“So what did you do in class today? Color inside the lines?” A friend in CSOM approaches me with this question regularly knowing that it’s the perfect way to get under my skin. I am the first person to defend the Lynch School of Education. The smallest comment ignites me to rant about social justice and the plight of teachers, a rant that no one around me wants to hear. Glaring at him over my laptop, which is now proudly covered in “If you can read this, thank a teacher” stickers, I tell him that I have never and will never be a “CSOM wannabe.”
Although my friends are only playing around and I probably get too defensive, their jokes reflect a hierarchical sentiment that quietly runs among the four main schools of Boston College. Any BC student will relay the same unspoken power structure within the school: CSOM students are at the top, A&S students take second, CSON students are often overlooked and LSOE students are accused of having it easy. Because of this tiering system, I feel that I am expected to be self-conscious of my status as an LSOE student. Instead, I am (almost too) proud of it.
When I entered BC last fall, I was often met with comments such as “Why teaching? How will you make money?” and “You want to be a teacher? But you’re so smart!” While I appreciate the support and flattery, I'm not a pitiful case of untapped potential. I did not apply to LSOE to have a better chance of getting into BC, I did not apply to LSOE to have an easier course load and I did not apply to LSOE with the intention of transferring out once I arrived at BC. I applied to the Lynch School to join a community of qualified academics who wish to enact change in our unjust world. I unapologetically desire for others to stop devaluing my choice.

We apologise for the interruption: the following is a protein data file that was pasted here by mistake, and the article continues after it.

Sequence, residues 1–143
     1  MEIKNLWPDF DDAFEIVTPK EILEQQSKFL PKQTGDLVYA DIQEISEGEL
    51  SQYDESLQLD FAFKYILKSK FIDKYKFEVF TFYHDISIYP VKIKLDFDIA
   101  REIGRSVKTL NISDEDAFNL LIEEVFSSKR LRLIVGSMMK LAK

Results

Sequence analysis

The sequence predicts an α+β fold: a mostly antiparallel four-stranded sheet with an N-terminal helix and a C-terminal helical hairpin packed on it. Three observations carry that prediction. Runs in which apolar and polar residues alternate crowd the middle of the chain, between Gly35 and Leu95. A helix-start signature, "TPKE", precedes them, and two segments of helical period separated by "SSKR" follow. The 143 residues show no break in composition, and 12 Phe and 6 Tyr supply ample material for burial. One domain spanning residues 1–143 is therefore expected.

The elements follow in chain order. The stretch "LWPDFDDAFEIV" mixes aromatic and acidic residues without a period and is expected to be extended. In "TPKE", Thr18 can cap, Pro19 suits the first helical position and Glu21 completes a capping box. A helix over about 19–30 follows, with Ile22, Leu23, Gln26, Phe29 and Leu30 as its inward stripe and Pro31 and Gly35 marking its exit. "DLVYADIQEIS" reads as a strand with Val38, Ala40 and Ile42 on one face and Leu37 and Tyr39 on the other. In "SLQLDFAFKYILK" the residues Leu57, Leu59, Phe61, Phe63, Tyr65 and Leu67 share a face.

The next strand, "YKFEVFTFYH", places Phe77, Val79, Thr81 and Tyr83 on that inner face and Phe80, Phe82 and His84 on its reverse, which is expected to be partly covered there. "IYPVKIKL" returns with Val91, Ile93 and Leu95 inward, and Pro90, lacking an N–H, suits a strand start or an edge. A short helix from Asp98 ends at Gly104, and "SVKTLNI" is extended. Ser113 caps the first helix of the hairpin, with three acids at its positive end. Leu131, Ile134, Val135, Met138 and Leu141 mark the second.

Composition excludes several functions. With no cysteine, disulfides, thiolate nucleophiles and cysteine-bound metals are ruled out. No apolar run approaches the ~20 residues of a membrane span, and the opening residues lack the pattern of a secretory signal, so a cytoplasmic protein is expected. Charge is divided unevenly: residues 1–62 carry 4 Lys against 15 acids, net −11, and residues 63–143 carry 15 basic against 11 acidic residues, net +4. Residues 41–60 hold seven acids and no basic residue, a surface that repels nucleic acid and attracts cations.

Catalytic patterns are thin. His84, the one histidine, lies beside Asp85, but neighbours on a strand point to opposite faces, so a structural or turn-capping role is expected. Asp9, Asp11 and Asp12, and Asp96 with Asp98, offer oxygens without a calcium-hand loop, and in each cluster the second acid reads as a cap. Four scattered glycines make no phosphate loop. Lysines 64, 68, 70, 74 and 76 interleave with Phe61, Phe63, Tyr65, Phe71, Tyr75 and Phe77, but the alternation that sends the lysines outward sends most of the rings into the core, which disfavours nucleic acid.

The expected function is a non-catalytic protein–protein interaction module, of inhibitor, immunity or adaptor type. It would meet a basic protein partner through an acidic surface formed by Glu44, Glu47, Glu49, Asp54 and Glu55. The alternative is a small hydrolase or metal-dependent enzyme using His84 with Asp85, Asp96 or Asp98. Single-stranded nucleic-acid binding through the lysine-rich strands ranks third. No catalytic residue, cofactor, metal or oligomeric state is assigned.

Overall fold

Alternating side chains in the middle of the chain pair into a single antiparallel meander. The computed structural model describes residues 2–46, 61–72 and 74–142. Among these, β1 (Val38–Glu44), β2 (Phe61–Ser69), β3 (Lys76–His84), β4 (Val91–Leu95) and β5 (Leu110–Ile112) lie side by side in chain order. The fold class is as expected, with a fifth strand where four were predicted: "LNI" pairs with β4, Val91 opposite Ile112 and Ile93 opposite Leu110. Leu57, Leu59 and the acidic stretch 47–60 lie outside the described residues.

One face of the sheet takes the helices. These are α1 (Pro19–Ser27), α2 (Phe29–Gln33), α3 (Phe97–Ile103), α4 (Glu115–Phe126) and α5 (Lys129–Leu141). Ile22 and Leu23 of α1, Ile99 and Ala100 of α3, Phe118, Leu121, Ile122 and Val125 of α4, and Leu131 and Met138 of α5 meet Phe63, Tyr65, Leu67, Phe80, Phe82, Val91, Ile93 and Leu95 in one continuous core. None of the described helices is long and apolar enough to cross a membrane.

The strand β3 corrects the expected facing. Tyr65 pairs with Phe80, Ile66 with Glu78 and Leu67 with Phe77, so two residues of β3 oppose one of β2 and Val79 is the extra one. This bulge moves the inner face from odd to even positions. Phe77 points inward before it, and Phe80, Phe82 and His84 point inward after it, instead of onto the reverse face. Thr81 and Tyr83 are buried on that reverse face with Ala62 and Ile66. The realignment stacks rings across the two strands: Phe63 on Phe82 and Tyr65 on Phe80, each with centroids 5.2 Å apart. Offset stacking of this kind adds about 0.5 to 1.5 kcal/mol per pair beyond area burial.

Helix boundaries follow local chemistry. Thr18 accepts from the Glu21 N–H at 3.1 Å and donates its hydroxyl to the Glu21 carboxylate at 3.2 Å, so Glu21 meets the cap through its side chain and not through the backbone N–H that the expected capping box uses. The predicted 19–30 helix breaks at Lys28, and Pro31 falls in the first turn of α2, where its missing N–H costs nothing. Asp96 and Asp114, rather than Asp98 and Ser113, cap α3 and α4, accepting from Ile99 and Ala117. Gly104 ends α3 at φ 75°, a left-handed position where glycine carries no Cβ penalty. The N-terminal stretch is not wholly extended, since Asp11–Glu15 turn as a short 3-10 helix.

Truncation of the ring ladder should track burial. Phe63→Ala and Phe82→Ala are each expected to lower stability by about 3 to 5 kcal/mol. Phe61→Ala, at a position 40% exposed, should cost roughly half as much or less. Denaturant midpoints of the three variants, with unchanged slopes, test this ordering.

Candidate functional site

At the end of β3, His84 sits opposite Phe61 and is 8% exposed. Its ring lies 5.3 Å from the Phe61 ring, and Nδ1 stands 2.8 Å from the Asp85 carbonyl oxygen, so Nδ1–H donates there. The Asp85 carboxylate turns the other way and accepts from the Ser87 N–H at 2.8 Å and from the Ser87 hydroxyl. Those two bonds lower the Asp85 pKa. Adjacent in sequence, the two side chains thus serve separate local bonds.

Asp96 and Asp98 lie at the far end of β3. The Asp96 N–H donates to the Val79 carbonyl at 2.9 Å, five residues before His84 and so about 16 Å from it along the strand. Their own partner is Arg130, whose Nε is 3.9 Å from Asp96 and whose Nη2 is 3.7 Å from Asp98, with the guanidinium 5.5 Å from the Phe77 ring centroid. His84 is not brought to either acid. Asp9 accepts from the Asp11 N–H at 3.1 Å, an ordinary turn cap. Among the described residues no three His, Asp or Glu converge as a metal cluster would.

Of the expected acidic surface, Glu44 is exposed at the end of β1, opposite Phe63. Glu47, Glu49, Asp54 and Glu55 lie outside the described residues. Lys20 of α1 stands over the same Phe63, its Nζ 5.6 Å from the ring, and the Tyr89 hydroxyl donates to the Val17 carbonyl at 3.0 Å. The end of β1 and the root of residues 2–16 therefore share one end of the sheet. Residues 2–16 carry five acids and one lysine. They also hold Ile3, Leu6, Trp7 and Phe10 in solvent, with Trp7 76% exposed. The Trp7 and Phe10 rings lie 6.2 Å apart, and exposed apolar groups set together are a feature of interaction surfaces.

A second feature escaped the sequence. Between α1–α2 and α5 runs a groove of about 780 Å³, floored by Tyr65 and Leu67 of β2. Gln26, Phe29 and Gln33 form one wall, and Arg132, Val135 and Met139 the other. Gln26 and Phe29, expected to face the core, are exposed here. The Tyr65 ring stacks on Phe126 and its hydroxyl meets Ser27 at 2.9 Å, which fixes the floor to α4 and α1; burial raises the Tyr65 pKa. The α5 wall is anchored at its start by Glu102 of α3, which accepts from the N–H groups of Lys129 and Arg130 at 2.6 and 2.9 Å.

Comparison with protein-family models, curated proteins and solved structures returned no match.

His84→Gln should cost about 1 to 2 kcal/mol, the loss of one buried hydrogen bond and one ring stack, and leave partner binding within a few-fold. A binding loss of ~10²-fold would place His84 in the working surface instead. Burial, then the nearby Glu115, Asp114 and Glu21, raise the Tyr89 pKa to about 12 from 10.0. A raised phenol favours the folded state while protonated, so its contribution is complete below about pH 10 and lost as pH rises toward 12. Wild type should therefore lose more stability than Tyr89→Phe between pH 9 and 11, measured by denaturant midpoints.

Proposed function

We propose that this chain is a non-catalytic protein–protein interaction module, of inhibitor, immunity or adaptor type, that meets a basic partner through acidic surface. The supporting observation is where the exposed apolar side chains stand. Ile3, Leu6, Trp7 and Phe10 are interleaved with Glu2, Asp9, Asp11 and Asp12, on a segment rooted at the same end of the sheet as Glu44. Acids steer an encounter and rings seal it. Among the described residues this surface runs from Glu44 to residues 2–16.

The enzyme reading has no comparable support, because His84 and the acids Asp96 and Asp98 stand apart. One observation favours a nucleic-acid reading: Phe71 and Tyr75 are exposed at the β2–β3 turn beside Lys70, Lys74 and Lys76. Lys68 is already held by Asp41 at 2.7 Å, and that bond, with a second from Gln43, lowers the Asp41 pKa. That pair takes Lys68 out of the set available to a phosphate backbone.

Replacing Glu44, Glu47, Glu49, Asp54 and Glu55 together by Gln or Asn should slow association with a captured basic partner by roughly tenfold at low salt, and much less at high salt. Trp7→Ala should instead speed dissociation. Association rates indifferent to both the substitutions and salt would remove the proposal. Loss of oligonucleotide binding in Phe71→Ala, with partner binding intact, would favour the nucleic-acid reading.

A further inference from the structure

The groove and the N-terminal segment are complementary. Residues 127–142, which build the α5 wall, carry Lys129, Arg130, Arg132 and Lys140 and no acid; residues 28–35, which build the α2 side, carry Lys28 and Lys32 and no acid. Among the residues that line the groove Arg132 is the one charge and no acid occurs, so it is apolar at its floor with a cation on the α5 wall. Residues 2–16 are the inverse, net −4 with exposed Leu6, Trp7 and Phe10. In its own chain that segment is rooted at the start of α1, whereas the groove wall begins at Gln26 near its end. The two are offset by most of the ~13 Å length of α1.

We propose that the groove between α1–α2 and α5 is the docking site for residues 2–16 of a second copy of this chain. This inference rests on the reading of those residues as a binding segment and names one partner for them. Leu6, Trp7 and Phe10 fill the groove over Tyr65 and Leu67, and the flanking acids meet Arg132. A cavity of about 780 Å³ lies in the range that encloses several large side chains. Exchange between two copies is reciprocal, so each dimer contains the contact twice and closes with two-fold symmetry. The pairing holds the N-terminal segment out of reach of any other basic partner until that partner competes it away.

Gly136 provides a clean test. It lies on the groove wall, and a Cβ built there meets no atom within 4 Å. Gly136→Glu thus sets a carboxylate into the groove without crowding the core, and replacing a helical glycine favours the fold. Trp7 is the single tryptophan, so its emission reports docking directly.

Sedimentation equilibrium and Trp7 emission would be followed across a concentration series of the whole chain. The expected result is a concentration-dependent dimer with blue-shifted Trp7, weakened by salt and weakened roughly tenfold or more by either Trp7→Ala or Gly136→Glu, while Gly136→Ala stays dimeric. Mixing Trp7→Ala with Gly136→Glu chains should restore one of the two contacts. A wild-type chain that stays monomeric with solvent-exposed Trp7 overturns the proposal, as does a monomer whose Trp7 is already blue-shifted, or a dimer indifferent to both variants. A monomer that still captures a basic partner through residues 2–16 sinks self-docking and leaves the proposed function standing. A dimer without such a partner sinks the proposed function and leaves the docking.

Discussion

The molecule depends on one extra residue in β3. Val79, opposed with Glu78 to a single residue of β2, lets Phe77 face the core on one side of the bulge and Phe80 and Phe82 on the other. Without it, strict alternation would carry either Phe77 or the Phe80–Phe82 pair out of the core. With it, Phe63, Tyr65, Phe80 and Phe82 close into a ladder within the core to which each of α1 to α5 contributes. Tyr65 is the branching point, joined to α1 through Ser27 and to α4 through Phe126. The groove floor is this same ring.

In terms of academic validity, LSOE students are not an exception to the criteria to which other BC students are held. In fact, LSOE students take the same university core while being required to double major and student teach. Our experience culminates in a full practicum senior year; it entails spending all five weekdays at our placement, arriving early in the morning and staying beyond the end of the school day. We plan lessons, co-teach them, and have two weeks of full takeover, a period in which we are the lead teacher of the classroom. We have the duties of a full-time teacher—minus the pay and prestige—while taking a class to keep us connected to our LSOE advisors. Personally, I am not sure which aspect of this repertoire sounds easy.
I recently made the switch from a secondary education and English double major to an applied psychology & human development and English double major with a minor in special education. My decision reflects my desire to go abroad and have more flexibility in my schedule, but I still have the utmost respect for the students who are undertaking such a demanding pre-professional track. I view teaching as no better or worse than any other profession, but I do request that it gains an equivalent amount of respect to other career paths.
Whether we are in CSOM, CSON, A&S or LSOE, each one of us is a member of the larger community that is Boston College. There is neither reason to stigmatize CSOM students as power hungry nor LSOE students as less intelligent. Rather, we each must learn to be proud of our individual schools while also respecting our peers and their differing academic pursuits. Ultimately, we are all students of a top-tier institution with a mission to change the world in our future success in any field we choose to pursue.